Oregano: The Staple Herb That Packs a Punch

Ever since US soldiers returned from World War II with a special affinity for what they referred to as “the pizza herb”, oregano has been a staple on spice racks across America.

In other countries, oregano has been an important culinary and medicinal herb for centuries. Oregano is a member of the mint family and related to marjoram, a much milder herb.

Oregano is a perennial plant that grows easily and in abundance under the right conditions. While it is popular in many parts of the world, oregano is native to the Mediterranean region and western and southwestern Eurasia.

Oregano flavor profile

Unlike its cousin marjoram, oregano is a very bold herb with a potent flavor. It can easily overpower the flavors of other herbs and spices or the food in a dish, so it’s important to cook with knowledge of the right flavor pairings to complement this herb. Because it is such a gutsy flavor, you should always take care to avoid adding too much as well. A little bit of oregano goes a long way in any dish!

This aromatic herb can vary in intensity, with good-quality oregano sometimes possessing a taste and warmth that is so strong it almost numbs the tongue.

Oregano is a peppery herb that is pungent and sharp with a slightly bitter taste. Its bold flavor works best in bold cuisine, but it can be used to add a wonderful heat and nice flavor to a wide variety of foods.

Fresh Oregano Vs Dried

Health benefits of oregano

Oregano is an important medicinal herb with much to offer. It contains very high concentrations of antioxidants and is a rich source of vitamin K, one of the most important vitamins used by the human body in maintaining bone density and promoting bone growth.

This herb has anti-inflammatory properties and is a powerful antimicrobial as well. In fact, studies have shown that oregano essential oil has the ability to kill MRSA, a particularly aggressive and drug-resistant form of staph infection.

Oregano also contains hefty helpings of the following:

  • Fiber
  • Tryptophan
  • Iron
  • Manganese
  • Vitamin E
  • Calcium
  • Omega fatty acids

For hundreds and hundreds of years, this herb has been an incredibly important part of natural medicine. Oregano effectively treats many health troubles. Some of the most common and well-known include:

  • Colds
  • Menstrual cramps
  • Muscle pain
  • Fatigue
  • Acne
  • Earaches
  • Dandruff
  • Intestinal parasites
  • Bronchitis
  • Allergies
  • Athlete’s foot
  • Nail fungus
  • Toothaches
  • Heart conditions
  • Bloating
  • Headaches

Most recently, biologists at the United Arab Emirates University conducted studies in which the findings supported oregano as a viable chemo-preventive candidate for breast cancer patients. In other words, these scientists believe that oregano’s unique chemical makeup contains components that may help to slow down or prevent the progression of breast cancer.

While more extensive studies are needed in order to determine just how effective of a treatment oregano might be, the potential is certainly there for a healthy, natural treatment option that might allow certain cancer patients to enjoy a better quality of life by avoiding toxic chemotherapy and its lingering effects on overall health.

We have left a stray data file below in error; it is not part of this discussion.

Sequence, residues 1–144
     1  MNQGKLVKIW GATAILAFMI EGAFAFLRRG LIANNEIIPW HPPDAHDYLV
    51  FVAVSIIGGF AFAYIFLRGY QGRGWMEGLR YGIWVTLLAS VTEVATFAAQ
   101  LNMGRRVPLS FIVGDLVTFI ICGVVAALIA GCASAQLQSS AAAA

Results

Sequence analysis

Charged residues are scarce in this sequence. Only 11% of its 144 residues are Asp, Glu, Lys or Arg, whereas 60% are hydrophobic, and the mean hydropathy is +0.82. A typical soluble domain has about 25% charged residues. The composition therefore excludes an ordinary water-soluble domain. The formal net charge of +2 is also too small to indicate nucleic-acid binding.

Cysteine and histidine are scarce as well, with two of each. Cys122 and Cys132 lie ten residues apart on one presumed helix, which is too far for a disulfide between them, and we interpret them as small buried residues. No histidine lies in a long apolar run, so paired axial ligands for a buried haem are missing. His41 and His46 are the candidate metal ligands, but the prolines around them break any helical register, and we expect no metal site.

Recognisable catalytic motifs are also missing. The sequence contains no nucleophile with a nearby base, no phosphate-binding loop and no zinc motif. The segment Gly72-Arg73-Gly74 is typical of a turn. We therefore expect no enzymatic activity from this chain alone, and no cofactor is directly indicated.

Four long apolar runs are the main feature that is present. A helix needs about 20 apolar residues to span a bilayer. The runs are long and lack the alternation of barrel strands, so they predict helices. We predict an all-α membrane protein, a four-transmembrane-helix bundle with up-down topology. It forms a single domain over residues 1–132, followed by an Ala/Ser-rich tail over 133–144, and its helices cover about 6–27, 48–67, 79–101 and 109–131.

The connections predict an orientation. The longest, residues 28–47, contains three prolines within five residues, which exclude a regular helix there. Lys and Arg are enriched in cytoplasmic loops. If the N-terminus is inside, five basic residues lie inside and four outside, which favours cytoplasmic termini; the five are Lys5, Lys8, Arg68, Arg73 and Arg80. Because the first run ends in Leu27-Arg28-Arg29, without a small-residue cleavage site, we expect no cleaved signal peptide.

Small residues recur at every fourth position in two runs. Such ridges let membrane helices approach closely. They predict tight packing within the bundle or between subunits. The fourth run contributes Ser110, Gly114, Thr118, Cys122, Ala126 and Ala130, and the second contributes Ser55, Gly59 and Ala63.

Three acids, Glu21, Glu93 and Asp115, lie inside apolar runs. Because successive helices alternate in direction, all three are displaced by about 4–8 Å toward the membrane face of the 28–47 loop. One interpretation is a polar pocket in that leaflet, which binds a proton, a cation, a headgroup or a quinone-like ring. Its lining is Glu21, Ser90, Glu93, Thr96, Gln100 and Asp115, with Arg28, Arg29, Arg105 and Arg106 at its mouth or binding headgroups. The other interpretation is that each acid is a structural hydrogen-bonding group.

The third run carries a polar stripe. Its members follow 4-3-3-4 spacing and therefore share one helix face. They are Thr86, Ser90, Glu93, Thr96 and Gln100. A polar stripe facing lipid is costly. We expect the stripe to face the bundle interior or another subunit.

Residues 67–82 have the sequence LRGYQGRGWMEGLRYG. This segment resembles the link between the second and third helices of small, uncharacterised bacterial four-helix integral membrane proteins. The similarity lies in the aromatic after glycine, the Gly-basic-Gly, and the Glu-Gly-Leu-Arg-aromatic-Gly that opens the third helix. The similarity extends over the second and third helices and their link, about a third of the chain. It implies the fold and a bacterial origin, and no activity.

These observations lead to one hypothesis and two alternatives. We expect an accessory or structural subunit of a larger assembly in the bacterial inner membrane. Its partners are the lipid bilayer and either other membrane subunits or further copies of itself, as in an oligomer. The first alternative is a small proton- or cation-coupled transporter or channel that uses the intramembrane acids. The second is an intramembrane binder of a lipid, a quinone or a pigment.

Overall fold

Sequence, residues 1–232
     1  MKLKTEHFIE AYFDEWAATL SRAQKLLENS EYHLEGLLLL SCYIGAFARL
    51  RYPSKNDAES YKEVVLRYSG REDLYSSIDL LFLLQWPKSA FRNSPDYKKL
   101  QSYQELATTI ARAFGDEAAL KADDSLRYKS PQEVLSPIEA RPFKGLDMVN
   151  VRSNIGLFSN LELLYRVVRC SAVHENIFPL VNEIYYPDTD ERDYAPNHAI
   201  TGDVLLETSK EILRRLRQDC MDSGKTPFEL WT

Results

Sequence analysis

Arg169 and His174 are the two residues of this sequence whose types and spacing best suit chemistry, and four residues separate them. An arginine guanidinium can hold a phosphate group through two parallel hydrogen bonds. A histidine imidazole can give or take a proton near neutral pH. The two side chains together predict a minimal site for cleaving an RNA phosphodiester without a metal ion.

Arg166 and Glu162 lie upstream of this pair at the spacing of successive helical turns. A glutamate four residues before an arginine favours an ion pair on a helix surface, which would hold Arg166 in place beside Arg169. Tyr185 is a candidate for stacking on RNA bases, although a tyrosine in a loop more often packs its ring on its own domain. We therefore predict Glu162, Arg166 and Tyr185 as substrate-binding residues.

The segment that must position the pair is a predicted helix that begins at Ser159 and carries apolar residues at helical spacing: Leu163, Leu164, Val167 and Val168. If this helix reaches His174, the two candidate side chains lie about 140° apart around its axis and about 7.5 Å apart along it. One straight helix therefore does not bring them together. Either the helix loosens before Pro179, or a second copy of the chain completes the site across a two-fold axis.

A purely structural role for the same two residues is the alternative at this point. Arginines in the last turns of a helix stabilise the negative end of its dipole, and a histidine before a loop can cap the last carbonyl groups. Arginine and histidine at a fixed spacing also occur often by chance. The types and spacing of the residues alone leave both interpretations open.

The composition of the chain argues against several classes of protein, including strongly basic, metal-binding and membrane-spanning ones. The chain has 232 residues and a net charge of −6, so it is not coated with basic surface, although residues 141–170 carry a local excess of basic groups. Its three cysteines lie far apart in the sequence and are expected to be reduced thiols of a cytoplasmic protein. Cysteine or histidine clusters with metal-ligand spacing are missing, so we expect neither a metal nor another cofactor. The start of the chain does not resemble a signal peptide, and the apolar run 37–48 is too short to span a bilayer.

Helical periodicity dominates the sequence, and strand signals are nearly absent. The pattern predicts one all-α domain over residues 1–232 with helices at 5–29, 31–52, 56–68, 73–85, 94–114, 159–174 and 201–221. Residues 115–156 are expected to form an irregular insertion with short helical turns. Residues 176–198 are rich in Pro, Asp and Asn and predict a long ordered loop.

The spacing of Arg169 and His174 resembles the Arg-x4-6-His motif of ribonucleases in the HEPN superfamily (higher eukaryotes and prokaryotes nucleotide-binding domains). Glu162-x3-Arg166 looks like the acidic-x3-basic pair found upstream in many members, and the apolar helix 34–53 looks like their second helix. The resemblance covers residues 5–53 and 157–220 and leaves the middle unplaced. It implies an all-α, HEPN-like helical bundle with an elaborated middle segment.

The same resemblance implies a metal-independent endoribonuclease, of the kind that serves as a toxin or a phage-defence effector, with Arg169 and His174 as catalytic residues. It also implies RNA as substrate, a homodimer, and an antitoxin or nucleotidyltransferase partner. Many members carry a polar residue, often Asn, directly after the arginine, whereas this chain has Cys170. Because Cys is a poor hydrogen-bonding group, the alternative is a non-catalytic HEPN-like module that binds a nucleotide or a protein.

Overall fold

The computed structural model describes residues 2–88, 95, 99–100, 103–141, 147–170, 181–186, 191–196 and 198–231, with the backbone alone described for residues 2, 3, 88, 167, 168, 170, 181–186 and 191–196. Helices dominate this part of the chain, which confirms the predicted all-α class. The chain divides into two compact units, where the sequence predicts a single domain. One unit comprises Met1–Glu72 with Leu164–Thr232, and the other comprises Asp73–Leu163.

Common Uses of Oregano

In the U.S., oregano is a staple herb of Italian-American cuisine, which quickly became popular with the return of U.S. soldiers after the Second World War

This herb has been a vital component of traditional southern Italian cuisine for centuries. Southern Italian cooking frequently calls for the use of oregano with grilled, fried or roasted vegetables as well as meat and fish. In this particular part of Italy, spicy foods are very popular and oregano complements the spiciness and heat that is characteristic of this region’s dishes.

In Turkish cuisine, oregano is used primarily for flavoring meat—particularly mutton and lamb dishes. In kebab and barbecue restaurants, it is commonly mixed with salt, pepper, and paprika and served as a condiment.

In the traditional cuisines of the Philippines, the Mediterranean Basin, and Latin American, this herb is used widely. Oregano is also used extensively in Mexican chili powders and in the flavoring of chili beans.

One unique and somewhat unusual use of oregano is common specifically to the Philippines; when boiling water buffalo, the addition of oregano serves to lend flavor while at the same time helping to eliminate the strong odor of the meat.

This herb is a favorite in Greece where it is most often used to add a bit of its characteristic and intense flavor to Greek salad. It’s also typically added to the traditional lemon-olive oil sauce that usually accompanies fish or meat barbecues. Greek casseroles often contain oregano as well.

Whether you’re trying your hand at a particular ethnic cuisine or simply trying your hand at new ways of seasoning your favorite dishes, oregano has plenty to offer. This is one herb that should be on the spice rack in every kitchen. Of course, it’s also one of the most powerful flavors you’ll experience from a dried herb. By taking a little time to learn about the best flavors with which to pair this powerful herb before you begin cooking, you can be sure to create a dish that is both strong and well-balanced. Used correctly, oregano will not overpower your cuisine, but rather complement and enhance the flavors within any dish.